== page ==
HSA Grants Interim Authorisation for Evusheld for Pre-exposure Prevention of COVID-19 in Adults who are Medically Unsuitable for Vaccination

The Health Sciences Authority (HSA), in consultation with its Medicines Advisory Committee, has, on 1 August 2022, granted an interim authorisation under the Pandemic Special Access Route (PSAR) for AstraZeneca’s antiviral monoclonal antibody, Evusheld. Evusheld comprises two monoclonal antibodies, namely tixagevimab co-packaged with cilgavimab, and is administered by intramuscular injection. It is authorised to be used for the prevention of COVID-19 in adults who have not had a known recent exposure to an individual with COVID-19 infection (pre-exposure prophylaxis) and:

  • are unlikely to mount an adequate immune response to COVID-19 vaccination due to their moderate to severe immunocompromised state from a medical condition or receipt of immunosuppressive medications or treatments¹; or,
  • for whom COVID-19 vaccination is not recommended.

Pre-exposure prophylaxis with Evusheld is not a substitute for vaccination in individuals for whom COVID-19 vaccination is recommended. The treatment must be prescribed by a doctor and the suitability of use on the individual patient will require a careful clinical assessment by the prescribing doctor.

Efficacy and safety

The efficacy data was based on an ongoing Phase III study in over 5,000 participants aged 18 to 99 years, who had not received COVID-19 vaccination and had risk factors for an inadequate COVID-19 vaccination response or increased risk for COVID-19 infection. The results showed that there was a relative risk reduction of symptomatic COVID-19 illness by 77% with Evusheld compared to placebo, with a duration of protection of approximately 6 months for non-Omicron SARS-CoV-2 variants. At the time the clinical study was conducted, the circulating variants of concern included Alpha, Beta, Gamma, and Delta.

Recent in-vitro data has shown that certain Omicron subvariants are less susceptible to Evusheld. Hence the duration of protection against the Omicron subvariants is currently unknown.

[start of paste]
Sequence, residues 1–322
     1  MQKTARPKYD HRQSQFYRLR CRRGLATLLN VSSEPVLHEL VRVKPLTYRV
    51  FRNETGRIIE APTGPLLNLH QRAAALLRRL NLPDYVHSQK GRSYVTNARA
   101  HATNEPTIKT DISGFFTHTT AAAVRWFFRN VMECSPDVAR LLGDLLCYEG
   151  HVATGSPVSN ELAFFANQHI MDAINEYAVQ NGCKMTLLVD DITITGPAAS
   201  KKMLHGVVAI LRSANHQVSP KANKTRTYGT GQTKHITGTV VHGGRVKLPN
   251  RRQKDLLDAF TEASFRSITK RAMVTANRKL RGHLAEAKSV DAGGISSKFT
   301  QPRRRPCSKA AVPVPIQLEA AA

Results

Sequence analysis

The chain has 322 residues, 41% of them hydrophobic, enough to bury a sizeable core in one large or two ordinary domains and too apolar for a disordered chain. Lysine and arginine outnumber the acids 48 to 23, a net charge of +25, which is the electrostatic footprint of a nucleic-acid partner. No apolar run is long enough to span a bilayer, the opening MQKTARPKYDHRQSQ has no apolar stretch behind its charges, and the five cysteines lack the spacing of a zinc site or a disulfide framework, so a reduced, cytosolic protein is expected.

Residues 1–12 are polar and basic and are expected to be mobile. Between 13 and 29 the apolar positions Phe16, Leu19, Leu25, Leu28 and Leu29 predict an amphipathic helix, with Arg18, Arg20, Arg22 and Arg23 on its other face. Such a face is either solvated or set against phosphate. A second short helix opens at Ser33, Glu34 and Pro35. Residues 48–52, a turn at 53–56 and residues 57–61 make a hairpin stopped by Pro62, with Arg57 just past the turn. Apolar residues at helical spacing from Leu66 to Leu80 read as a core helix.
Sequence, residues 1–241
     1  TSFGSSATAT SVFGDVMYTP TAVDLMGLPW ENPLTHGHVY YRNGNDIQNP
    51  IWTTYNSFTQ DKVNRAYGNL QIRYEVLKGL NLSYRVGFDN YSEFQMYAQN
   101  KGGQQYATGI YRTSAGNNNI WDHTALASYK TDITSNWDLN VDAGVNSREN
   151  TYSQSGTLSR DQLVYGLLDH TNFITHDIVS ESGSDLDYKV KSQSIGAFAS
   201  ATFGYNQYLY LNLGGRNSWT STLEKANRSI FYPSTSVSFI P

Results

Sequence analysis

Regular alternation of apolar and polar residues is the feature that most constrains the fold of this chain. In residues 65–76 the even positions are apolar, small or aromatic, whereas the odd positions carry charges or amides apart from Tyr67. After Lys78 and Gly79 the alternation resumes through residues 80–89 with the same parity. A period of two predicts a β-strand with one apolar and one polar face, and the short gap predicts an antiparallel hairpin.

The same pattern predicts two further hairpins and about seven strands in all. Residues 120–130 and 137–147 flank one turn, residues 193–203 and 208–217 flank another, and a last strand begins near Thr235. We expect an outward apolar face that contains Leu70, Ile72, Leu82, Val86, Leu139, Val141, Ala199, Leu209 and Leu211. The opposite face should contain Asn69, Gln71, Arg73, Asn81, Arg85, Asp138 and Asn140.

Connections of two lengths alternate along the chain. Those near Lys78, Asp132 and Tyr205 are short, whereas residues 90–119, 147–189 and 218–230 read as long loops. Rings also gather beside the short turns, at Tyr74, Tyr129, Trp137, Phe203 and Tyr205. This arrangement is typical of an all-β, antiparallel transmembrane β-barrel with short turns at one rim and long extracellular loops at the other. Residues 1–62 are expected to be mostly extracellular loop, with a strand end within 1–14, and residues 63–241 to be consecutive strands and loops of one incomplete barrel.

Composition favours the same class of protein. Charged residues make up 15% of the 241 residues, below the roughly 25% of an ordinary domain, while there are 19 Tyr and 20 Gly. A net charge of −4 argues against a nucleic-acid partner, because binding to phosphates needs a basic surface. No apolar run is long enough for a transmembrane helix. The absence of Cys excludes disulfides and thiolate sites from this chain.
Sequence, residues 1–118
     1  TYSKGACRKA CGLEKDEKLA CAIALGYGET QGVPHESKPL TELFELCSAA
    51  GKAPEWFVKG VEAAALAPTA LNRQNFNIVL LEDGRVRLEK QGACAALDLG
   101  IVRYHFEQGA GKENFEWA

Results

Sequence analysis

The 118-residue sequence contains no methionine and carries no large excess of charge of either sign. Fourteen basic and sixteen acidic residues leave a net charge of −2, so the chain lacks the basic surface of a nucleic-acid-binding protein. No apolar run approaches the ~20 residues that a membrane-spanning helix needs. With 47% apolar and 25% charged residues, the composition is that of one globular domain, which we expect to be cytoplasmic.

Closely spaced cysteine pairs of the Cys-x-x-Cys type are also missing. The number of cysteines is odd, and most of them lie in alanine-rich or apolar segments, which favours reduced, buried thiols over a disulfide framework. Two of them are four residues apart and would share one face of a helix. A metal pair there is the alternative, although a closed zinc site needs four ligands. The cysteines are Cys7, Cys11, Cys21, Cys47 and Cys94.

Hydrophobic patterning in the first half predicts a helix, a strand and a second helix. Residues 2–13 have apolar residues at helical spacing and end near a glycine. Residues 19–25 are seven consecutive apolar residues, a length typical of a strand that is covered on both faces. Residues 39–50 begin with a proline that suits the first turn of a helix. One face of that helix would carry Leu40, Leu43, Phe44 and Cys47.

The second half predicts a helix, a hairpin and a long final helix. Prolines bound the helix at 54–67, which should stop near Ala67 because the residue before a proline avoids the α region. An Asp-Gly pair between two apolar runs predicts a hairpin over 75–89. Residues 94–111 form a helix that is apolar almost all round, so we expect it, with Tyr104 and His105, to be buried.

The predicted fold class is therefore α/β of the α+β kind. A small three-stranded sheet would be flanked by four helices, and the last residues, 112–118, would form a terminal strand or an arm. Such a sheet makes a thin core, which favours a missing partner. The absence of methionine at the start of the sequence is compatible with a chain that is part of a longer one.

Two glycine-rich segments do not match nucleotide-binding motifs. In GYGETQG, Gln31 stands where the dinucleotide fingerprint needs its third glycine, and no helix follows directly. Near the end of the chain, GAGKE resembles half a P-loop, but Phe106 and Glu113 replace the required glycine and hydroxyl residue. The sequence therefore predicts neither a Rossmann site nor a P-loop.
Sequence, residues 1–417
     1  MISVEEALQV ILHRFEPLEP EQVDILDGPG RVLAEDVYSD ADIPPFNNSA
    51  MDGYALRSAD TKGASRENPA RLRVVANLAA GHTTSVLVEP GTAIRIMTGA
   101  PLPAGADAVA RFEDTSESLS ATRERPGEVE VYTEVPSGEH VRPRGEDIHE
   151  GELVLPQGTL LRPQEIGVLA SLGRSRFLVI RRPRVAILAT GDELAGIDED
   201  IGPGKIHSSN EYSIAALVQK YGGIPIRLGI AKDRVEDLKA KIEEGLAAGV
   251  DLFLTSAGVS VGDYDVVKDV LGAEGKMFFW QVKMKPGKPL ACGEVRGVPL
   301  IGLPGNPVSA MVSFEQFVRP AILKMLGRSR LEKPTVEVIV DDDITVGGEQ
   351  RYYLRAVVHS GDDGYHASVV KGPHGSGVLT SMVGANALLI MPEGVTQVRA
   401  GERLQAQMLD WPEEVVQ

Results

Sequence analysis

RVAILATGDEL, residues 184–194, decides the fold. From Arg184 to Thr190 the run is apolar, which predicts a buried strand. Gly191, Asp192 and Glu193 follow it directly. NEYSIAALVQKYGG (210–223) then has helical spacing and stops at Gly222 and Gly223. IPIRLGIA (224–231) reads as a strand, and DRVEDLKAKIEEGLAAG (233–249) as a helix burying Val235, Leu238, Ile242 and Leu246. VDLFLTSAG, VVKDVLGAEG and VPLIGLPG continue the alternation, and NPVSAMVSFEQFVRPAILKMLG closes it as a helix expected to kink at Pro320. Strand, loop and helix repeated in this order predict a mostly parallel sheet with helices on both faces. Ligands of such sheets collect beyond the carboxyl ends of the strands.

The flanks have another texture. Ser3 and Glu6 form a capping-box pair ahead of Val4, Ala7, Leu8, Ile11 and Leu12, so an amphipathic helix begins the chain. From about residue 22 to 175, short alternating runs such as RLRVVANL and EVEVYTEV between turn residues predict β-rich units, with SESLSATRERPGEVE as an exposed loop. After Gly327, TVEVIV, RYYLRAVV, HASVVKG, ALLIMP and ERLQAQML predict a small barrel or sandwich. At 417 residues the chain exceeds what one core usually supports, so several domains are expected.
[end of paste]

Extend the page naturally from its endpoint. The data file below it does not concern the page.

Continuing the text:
The safety data showed that Evusheld was well‐tolerated, and the incidence of adverse events reported in the clinical study were generally low. The common adverse events reported were mild to moderate in severity, such as headache, throat pain, runny nose, nasal congestion and muscle pain (myalgia). While the study reported a higher incidence of cardiovascular adverse events with Evusheld, the causal relationship has not been established based on current available data. HSA will continue to closely monitor for any further cardiovascular safety signal, as part of routine pharmacovigilance.

The available clinical evidence preliminarily demonstrated that Evusheld has a favourable benefit-risk profile for the prevention of COVID-19 in individuals who are unlikely to mount an adequate immune response to COVID-19 vaccination, or for whom COVID-19 vaccination is not recommended. Emerging data on Evusheld’s effectiveness against the currently circulating Omicron variant will be required to further determine its continued benefits. As there was no clinical data in pregnant women, breastfeeding mothers and children, no recommendation could be made in these groups.

Active monitoring and continuous review of data

As a condition for the interim authorisation under PSAR, AstraZeneca is required to collect and submit the relevant safety data from ongoing clinical studies to ensure the continued safety and efficacy of Evusheld, including its efficacy against prevailing variants. HSA will actively review the evolving effectiveness and safety data to ensure that the benefits of Evusheld continue to outweigh the known risks. PSAR interim authorisation may be terminated if new data suggests that the benefits no longer outweigh the risks. To obtain full registration for Evusheld, AstraZeneca will need to submit the complete dataset based on prevailing international standards².

¹Medical conditions or treatments that may result in moderate to severe immune compromised state and an inadequate immune response to COVID-19 vaccination may include but are not limited to the following: immunocompromised state from solid organ transplants, blood, or bone marrow transplants, immune deficiencies, Human immunodeficiency virus (HIV) infections, use of corticosteroids, or use of other immunosuppressive medicines.

²HSA’s current requirements are based on the scientific standards set out by the International Council for Harmonisation of Technical Requirements for Pharmaceuticals for Human Use (ICH).

Images: Business Wire (featured) and Envato

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